This doesn't mean that research on chimps is over. There are still chimp populations in private labs and universities all over the country. In addition, much animal research has gone offshore to places were animal rights are not a significant cultural issue. So while the U.S. government is out of the business of keeping a research population of chimpanzees, animal testing is alive and well throughout the U.S. and around the world.

It is worth noting that animal rights activists have been challenging the right of universities and other organizations to maintain laboratory chimpanzees. Just this year in at Stony Brook University, the Nonhuman Rights Project sued the university to give 2 chimps that they held in captivity the same rights as humans. The Nonhuman Rights Project lost the case, but the university decided to move the chimps to a sanctuary.

Wednesday, November 18, 2015

Why I Am Not a Fan of Grist.org

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Okay, I admit it, I do pop in to grist.org to see what they are up to every once in a while. If you are not familiar with Grist, it is an online magazine that seeks to bring environmental news and commentary with a bit of humor. Being a strong environmentalist with a sense of humor, I completely buy into Grist's mission.

However, I am not a fan.

Why? While some of their articles are funny, they tend to poke fun at alternative visions and they also infantilize some really important and complex issues. In other words, much of their humor is very base and the site tends to divide us rather than unite us.

Let me give you an example of their infantilization of the news. When I popped in today, one of their headlines was, New Hottie Canadian Prime Minister Essentially Kills Northern Gateway Pipeline. Without quibbling over whether or not the word essentially was needed, I do wonder what the Prime Minister's looks have to do with the issue. Plus, the first sentence of the article was, Environmental and First Nations groups are celebrating recently elected Canadian Prime Minster Justin "Hair Model" Trudeau's decision to ban crude oil tanks from British Columbia's northern coast.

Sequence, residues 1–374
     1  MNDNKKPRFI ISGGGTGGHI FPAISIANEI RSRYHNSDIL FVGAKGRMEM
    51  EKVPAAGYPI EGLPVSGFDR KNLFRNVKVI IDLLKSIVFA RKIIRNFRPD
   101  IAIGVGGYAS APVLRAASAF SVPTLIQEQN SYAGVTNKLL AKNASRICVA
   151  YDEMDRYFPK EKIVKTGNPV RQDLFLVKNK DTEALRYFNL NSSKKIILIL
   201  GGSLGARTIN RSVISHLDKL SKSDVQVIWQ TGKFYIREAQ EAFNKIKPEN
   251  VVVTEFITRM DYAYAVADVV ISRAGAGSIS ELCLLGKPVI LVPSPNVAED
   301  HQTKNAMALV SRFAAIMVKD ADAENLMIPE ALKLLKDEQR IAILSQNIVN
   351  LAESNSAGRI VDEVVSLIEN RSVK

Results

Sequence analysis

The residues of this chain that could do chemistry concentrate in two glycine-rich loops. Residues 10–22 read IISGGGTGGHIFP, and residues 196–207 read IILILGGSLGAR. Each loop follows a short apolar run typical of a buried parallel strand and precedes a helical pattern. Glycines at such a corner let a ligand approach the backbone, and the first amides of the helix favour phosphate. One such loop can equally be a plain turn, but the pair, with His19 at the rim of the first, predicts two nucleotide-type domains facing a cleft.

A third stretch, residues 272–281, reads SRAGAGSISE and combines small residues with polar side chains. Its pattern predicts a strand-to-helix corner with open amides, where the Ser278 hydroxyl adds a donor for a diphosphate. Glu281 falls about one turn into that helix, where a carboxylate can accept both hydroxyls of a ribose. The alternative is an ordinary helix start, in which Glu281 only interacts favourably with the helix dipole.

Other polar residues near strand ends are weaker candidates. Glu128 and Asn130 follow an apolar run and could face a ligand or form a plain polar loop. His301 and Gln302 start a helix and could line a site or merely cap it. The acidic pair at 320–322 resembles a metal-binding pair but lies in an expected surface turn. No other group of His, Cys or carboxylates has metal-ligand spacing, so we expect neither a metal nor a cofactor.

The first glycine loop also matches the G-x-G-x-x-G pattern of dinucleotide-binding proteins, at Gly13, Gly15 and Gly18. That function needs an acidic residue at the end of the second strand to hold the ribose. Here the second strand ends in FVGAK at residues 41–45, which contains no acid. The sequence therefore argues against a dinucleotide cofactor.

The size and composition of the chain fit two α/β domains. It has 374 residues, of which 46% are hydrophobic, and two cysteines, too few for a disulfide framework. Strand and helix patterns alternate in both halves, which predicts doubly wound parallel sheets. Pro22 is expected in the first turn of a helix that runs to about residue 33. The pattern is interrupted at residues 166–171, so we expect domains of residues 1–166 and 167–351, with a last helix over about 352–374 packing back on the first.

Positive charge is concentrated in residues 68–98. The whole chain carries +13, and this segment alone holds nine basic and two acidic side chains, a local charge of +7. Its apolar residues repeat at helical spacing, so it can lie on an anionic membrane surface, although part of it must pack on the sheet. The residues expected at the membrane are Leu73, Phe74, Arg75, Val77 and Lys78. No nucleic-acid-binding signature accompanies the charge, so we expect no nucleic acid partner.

Just imagine if Prime Minister Trudeau were a woman. Would Grist refer to her as a hottie hair model? If it is wrong for women, it is wrong for men. Also, how does referring to the Prime Minister as a hair model contribute the Grist's mission of bringing environmental news with a sense of humor?

Or how about this headline, Raise Awareness about the Paris Climate Talks by Talking Like a Rude French Person. Really? That's all you've got in your humor wheelhouse? Particularly at this moment?

The sad thing is that Grist has a revenue of millions dollars to post hyperbolic headlines and articles that are as funny as an alcohol free vegan open mic comedy night in a church basement in Boca del Vista Grande--not that there is anything wrong with a vegan open mic comedy night in a church basement in Boca del Vista Grande.

Tuesday, November 17, 2015

Best Thing You Will See Online November 17 2015

Tropical pumpkin garden in Florida:

Pumpkins Nearly Went Extinct 10,000 Years Ago

Photo by Bob Brinkmann
When you enjoy your pumpkin pie this Thanksgiving, you have early American pioneers to thank--and by early American pioneers, I mean Mexican settlers who 10,000 years ago domesticated the cucurbita genus that includes pumpkins, gourds, and squashes. According to John Bohannon in Science Magazine, this group of plants almost died out during the extinction of the Pleistocene megafauna at the close of the ice age. Giant sloths and mammoths ate the cucurbita plants and dispersed the seeds in their feces. When the megafuana went extinct, there was limited seed dispersal and thus a general decline in cucurbita.

These Mexican settlers are also famous for their domestication of corn. The combined triumvirate of beans, squash, and corn served as the foundation of the Mexican and Central American diet for hundreds of years.

In Florida, there is a "native" Seminole pumpkin that served as an important part of the Native American diet. People call it a native plant in Florida, although it certainly was domesticated by Native Americans over time. If you live in Florida, you can purchase seeds online. They actually climb trees and will take over a garden pretty quickly. I grew them and found them to be quite productive. The fruits make amazing pumpkin pie.